35. 35. Measuring performance• (2) Performance of the OAPEN Library – Practical implementation of (yet to come) OA publishing in the HSS • Availability of content: scarce but growing, strategic interest as condition • Spreading of OA business models: scarce, importance of funders – Scale of the library reflecting the relatively slow uptake of OA in the  HSS
  36. 36. Performance indicators OAPENPerformance Indicators Expected vs. ActualOAPEN started in Year 1  Year 1 Year 2 Year 2  Year 3 Year 3September 2008 (exp.) (act.) (exp.) (act.) (exp.) (act.) Network  Content  Content  partners providers providersPublishers providing OA publications/joining OAPEN 7 23 11 17 23 23Commercial publishers involved in OAPEN 1 6 3 1 5 5Countries represented within OAPEN’s networkOAPEN’ 6 12 9 6 12 14Languages covered by OAPEN’s Languages covered by OAPEN’ 8 8 11 8 15 8networkHSS publications made available in OA ‐ 750 539 1500 806Unique visitors of OAPEN’s Unique visitors of OAPEN’ 4000/  app. 3500/  ‐ ‐ ‐ 8000/ monthOnline library month monthDownloads of OA publications 1000/  app. 2500/  ‐ ‐ ‐ 2000/ month month month
  37. 37. Difficulties encountered and remedial actions
  38. 38. Difficulties encountered 1 Organizational difficulties 2 Technical difficulties 3 Business development
  39. 39. Organizational difficulties  > delayed delivery of results• Lack of qualified personnel – Development team• Change of staff  – Various partners• Project workload next to regular tasks – All partners• Organizational changes among partners – Changing commitments
  40. 40. Organizational difficulties  > actions• Shifting workloads among partners – UvA, AUP, UGOE• Planning activities – ‘Cascading’ – Studies > model > development• Coordinating tasks – Task forces – Regular telco’s
  41. 41. Technical difficulties  > delayed delivery of results• Lack of qualified personnel – Underspent budget• Publication tools – Generation of PDF too inflexible• Content aggregation – Establishing proper harvesting turned out difficult
  42. 42. Technical difficulties  > actions• Lack of qualified personnel – finish work after project period• Publication tools – use different strategy (Philos)• Content aggregation – devoting more hours – Switching to manual aggregation (one‐time‐ conversion)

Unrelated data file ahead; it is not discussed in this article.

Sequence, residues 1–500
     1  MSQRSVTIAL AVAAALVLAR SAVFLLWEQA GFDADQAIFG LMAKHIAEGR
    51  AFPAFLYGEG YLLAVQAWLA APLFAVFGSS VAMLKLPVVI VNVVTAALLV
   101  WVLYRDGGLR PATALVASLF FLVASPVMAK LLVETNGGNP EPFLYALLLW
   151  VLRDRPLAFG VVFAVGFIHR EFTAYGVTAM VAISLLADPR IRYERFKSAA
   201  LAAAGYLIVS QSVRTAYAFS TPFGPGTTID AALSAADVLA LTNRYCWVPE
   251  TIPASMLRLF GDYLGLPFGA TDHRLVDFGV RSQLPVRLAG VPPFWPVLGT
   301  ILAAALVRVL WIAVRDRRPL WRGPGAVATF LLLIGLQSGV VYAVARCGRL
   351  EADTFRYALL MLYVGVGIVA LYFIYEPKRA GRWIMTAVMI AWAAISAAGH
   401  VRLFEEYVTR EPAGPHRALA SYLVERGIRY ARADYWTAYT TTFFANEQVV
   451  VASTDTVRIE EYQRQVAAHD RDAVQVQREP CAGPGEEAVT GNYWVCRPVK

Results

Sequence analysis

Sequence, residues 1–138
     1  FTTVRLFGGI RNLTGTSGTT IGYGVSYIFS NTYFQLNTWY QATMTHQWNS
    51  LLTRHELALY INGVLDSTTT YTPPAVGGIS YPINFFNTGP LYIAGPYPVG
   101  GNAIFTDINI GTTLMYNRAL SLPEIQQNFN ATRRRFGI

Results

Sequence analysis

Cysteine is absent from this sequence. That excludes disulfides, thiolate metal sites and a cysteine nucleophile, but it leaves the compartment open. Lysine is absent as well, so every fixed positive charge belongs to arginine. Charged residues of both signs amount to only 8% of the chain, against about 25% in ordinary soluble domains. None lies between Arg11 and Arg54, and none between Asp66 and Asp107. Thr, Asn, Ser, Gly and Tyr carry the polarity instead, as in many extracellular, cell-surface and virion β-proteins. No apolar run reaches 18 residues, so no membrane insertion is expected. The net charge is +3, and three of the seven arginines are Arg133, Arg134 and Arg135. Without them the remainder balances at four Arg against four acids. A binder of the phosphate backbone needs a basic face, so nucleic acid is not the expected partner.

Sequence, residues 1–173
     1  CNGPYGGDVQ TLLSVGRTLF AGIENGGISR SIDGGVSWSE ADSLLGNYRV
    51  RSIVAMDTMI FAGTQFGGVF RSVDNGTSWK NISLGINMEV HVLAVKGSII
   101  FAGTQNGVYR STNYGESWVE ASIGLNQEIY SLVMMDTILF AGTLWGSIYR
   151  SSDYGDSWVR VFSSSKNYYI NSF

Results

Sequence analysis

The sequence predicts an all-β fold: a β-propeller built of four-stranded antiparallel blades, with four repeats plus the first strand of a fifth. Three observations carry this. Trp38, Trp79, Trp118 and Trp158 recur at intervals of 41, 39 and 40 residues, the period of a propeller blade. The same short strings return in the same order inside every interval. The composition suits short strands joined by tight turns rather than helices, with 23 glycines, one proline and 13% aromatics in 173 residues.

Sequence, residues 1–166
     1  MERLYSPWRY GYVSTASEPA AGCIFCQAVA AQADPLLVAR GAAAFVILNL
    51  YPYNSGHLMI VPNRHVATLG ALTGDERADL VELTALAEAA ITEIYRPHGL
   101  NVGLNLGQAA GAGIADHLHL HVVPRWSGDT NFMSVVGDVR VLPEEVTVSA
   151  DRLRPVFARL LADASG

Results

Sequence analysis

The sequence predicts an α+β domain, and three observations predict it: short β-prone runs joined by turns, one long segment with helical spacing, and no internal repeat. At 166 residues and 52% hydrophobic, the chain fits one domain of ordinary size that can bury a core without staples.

43. 43. Business development  > first movers dilemma• Traditional publishing model for books is losing  sustainability• Recognition of need for change – ‘Monograph crisis’ However:• Lack of funding opportunities for OA publishing – In HSS – For academic books• Very few publishers actively publishing OA books 
  44. 44. Business development  > actions• Trial memberships » For limited period / books• Pilot projects » Limited experiments  » Funders + publishers » National scope (different countries) » Outside DoW• Extending activities » Buying time » Additional funding » 3 years support in NL > Future activities
  45. 45. Dissemination & Awareness
  46. 46. Awareness: overview of activities • OAPEN Network • Workshops, seminar, conference • Newsletters • Project website • Public reports, studies • Leaflet and Brochure • Presentations at conferences • Stand at Book Fair • Articles
  47. 47. Awareness
  48. 48. OAPEN Network Partners‐ Aarhus University Press ‐ Huygens Institute ‐ SLUB – Sächsische ‐ AAUP – Association of American ‐ Igitur – Utrecht Publishing &  Landesbibliothek, Staats‐ und  University Presses Archiving Services Universitätsbibliothek Dresden‐ Academia Press ‐ IMISCOE – International Migration  ‐ SPARC‐ Akademie Verlag Integration Social Cohesion ‐ SPARC Europe – Scholarly ‐ Aksant ‐ Institute of Economic Analysis & Publishing and Academic ‐ Arbeitsgemeinschaft der Prospective Studies at Al Akhawayn  Resources Coalition Universitätsverlage University ‐ Techne Press‐ Athabasca University Press ‐ IOS Press ‐ Unipub – Oslo Academic Press‐ Atlantis Press ‐ JISC Collections ‐ Universitat de Valencia‐ Bochumer Universitätsverlag ‐ KITLV Press ‐ Université Libre de Bruxelles‐ Brill ‐ KNAW – The Royal Academy of Arts  ‐ University of Calgary Press‐ DANS – Data Archiving and and Sciences ‐ Verlag der Österreichischen  Networked Services ‐ Ledizioni – Ledipublishing Akademie der Wissenschaften‐ Editions de l’Université de  ‐ NIOD, Netherlands Insitute for War  Bruxelles Documentation‐ EKT – National Documentation  ‐ Open Book Publishers Centre; ‐ Open Humanities Press 45 netwo‐ NHRF – National Hellenic Research ‐ Oxford University Press rk  partners  Foundation ‐ Pickering & Chatto Publishers in 2011‐ Forlaeggerforeningen – Danish ‐ Polimetrica Publishers Association ‐ Purdue University Press
  49. 49. Publishers in the OAPEN Library
  50. 50. Project website
  51. 51. Impact: Stakeholder Benefits
  52. 52. Who are OAPEN‘s stakeholders? Researchers Researchers Search and read Select, cite and write Libraries Select, index  and provide access Funders Allocate Funds Scientists  Evaluate ROI for publishers Evaluate  and select Publisher  Publisher and Agents Enhance and Distribute and sell produce media